Ok so I believe the very long way around my answer is below, which is that I think what you’re doing is correct, I just didn’t fully understand it before.
First you pull in your packages and set up a vanilla version of
m = MimiDICE2016.get_model()
Next you call the Mimi function to set the parameter
:TATM to your exogenous temperature
set_param!(m, :TATM, input_temp)
This assigns the values in your
input_temp vector to the parameter
:TATM in any components with that parameter. In this case the only component is
:damages, and you are disconnecting that parameter from the
:TATM and instead forcing exogenously. Also just note you’ve left the
tatm0 parameter alone so it is 0.85 but perhaps that’s fine it’s just your initialization year.
Ok great so at this point you create a marginal model
mm = Mimi.create_marginal_model(m, 1e9)
This basically copies
m twice into
mm, such that
mm contains two models,
mm.marginal, which at this case point are identical. You’ve also set the delta to be
1e9 so that it knows in the future to divide by that when calculating differences between the two models. By that you are saying your temperature change is as a result of a pulse of 1GtC.
Note here something a bit confusing …
MimiDICE has it’s own
MimiDICE2016.get_marginal_model which also modifies the emissions. You were smart, don’t use that one, because you don’t want to modify emissions. You are going to exogenously create a different in damages using two different temperature vectors, that is the difference in damages you are looking to see (if I understand correctly).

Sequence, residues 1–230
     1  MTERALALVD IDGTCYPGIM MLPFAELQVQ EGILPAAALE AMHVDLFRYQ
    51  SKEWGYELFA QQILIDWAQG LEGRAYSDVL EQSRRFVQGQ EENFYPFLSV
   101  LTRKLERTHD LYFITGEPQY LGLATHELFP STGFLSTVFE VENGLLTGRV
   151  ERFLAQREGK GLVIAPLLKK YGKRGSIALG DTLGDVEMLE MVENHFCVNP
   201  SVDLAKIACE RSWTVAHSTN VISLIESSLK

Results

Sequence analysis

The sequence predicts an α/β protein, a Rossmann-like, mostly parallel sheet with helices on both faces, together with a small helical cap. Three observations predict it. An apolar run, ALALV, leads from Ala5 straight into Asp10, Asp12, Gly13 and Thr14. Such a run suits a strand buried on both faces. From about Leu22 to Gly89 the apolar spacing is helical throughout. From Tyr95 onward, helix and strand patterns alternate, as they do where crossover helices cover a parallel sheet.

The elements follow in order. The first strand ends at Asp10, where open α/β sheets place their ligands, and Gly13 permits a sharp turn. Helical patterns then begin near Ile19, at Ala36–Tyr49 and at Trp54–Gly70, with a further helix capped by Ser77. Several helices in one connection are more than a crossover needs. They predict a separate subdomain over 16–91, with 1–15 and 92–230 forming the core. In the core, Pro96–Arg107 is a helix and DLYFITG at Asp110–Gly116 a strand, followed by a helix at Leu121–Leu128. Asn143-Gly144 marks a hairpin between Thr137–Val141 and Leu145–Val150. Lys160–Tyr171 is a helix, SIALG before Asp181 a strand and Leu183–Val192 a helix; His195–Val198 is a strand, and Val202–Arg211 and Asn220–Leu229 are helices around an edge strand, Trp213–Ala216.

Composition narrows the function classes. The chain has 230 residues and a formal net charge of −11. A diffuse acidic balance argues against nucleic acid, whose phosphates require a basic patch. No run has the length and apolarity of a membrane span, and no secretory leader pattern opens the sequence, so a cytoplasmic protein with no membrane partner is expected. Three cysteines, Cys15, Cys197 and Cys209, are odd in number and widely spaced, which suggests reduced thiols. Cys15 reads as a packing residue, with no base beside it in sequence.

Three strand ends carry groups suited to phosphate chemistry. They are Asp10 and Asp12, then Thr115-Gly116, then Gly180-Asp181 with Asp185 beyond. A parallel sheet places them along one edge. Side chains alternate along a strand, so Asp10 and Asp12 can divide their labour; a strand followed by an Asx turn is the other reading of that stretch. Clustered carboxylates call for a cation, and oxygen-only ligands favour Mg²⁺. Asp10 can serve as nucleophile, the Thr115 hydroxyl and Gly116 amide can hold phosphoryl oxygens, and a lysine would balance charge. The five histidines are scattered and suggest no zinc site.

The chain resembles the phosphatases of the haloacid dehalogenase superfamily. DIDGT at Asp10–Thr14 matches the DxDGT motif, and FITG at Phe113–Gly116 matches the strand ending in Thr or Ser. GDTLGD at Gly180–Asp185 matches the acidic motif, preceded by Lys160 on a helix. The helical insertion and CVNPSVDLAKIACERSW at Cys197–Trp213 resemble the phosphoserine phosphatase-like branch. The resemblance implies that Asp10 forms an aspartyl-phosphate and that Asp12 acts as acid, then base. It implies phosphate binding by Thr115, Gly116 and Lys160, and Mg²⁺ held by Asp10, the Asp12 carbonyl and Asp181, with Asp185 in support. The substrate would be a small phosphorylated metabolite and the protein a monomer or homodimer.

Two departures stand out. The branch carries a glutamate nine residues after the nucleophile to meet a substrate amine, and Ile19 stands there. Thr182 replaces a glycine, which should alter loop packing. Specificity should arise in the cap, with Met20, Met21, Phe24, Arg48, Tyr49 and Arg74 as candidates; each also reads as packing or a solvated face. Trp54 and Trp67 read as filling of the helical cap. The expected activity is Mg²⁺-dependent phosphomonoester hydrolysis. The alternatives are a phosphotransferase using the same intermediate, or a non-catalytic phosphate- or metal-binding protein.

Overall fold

Anyways, next you said you call the following
set_param!(mm, :TATM, new_input_temp) which can’t quite be right since that will error, but here’s what I think you’re doing and what I would do.
update_param!(mm.marginal, :TATM, new_input_temp)
# or set_param! but update_param! is more accurate since there already is one
This will update the
:TATM parameter in the
:damages component (and any other components with that parameter but there are none here) in the
modified sub-model of the
mm marginal model.
Now you run the following using the sneaky
_compute_scc helper function that the creators didn’t advertise (commented with #“helper function for computing SCC from a MarginalModel, not to be exported or advertised to users”) … but of course you seem to understand what it’s doing so feel free to use it!
scc = MimiDICE2016._compute_scc(mm, year = pulse_year, last_year = 2300, prtp = 0.03, eta = 0.0)
and assuming that the times line up with when your pulse occurred in your exogenous temperature vector is correct, you should be good, except as you said you need to divide by 5 if you want to use this function, because you don’t need to adjust for your pulse being spread out across a timestep. You are correcting for this final line:
scc = sum(df .* marginal_damages * 5) # currently implemented as a 5year step function; so each timestep of discounted marginal damages is multiplied by 5
Or you can write a local copy of the function without the division.
Thus I think you’re doing the right thing, but please tell me if any of this is confusing. Overall I would suggest sanity checking your values, and also perhaps writing your own longer function doing exactly what you want and make sure the values match, just as good practice since I didn’t write up DICE2016 myself nor do I know where your temperature vectors came from